If you are contemplating breast enlargement (augmentation) then you must make a choice between using an artificial breast implant or using your own fat (autologous fat transfer). But how do you make that choice? Here are some guidelines that will help.
Some women don’t want a foreign implant placed under their breast under any circumstances. You may always look after your body and be careful about the food you eat. You may be concerned about the damage implants may do to your body and you realise that breast implants do not last a lifetime. It is therefore likely that further surgery will be required at some stage. I would explain that saline implants are a lot safer and last a lot longer than silicone gel implants but if you are still adamant that you don’t want anything foreign placed into your body, then the choice is easy:-
You should have breast enlargement by autologous fat transfer. Whatever fat is available is harvested and, after preparation, grafted into the breast. Usually, at least 1 cup size breast augmentation is achievable – even in thin women. If more fat is available then it may be possible to achieve even a 2 cup size increase in breast volume. But remember that the fat cells transferred are living tissue and therefore the breast will increase and decrease in size with weight fluctuations. Another consideration is that breast size is sensitive to hormone levels (specifically oestrogen) and therefore if, for example, you were to stop taking an oestrogen containing oral contraceptive, then your breasts could decrease in size due to involution of your breast tissue – even though all the fat has survived.
A secondary benefit of breast augmentation by autologous fat transfer is that liposuction is required to harvest the fat so that your hips and thighs will decrease in size.
For some women, the increase in breast size is the overriding concern. So if you would like at least a 2 cup size increase in breast size then this may not be achievable by autologous fat transfer and breast implants may be the only solution. This also applies to women who want a more stylised look with fullness in the upper pole of the breasts even when not wearing a bra. Only a large breast implant can achieve this look. Once a decision is made to use breast implants then the discussion revolves around safety and longevity. My own preferences (after having inserted over 6000 breast implants!), in order of importance, are:-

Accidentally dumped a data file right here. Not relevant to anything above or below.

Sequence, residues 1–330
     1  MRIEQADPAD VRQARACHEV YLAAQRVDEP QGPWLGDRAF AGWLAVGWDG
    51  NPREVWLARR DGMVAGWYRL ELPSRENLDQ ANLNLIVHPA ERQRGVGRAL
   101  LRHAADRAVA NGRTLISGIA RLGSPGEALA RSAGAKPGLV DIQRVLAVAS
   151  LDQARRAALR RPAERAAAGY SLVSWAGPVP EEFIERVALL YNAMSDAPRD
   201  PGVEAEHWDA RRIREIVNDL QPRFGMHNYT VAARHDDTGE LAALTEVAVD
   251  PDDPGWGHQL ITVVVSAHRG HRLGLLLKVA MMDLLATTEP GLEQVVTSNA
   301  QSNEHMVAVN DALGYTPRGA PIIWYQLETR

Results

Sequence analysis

- to place the implants behind the muscle where they are least visible,
- to lower the inframammary fold in order to prevent excessive upper pole fullness,
- to use a smooth-walled implant (as textured implants are associated with a rare but potentially fatal condition known as Anaplastic Large Cell Lymphoma (ALCL)) and
- to use saline-filled implants rather than silicone gel-filled implants as they are just as soft, last at least twice as long and are far easier to remove and replace in the event of rupture.
It is also possible to use a combination of your own fat and an implant. For example, if an implant has been placed into a very thin person then the lack of soft tissue coverage can result in the implant being visible and palpable (this is less of a concern if the implant has been placed behind the muscle). In these cases placing some fat around the implants can greatly improve the result. This is known as a Hybrid Augmentation.
Similarly, if a patient has had breast augmentation by autologous fat transfer but is disappointed by the lack of volume increase, then the options are to graft some more fat into the breasts or, alternatively, to use an implant.
Because of all these choices, the most important step for a women contemplating breast augmentation is to have a comprehensive consultation with a surgeon experienced in all the above techniques.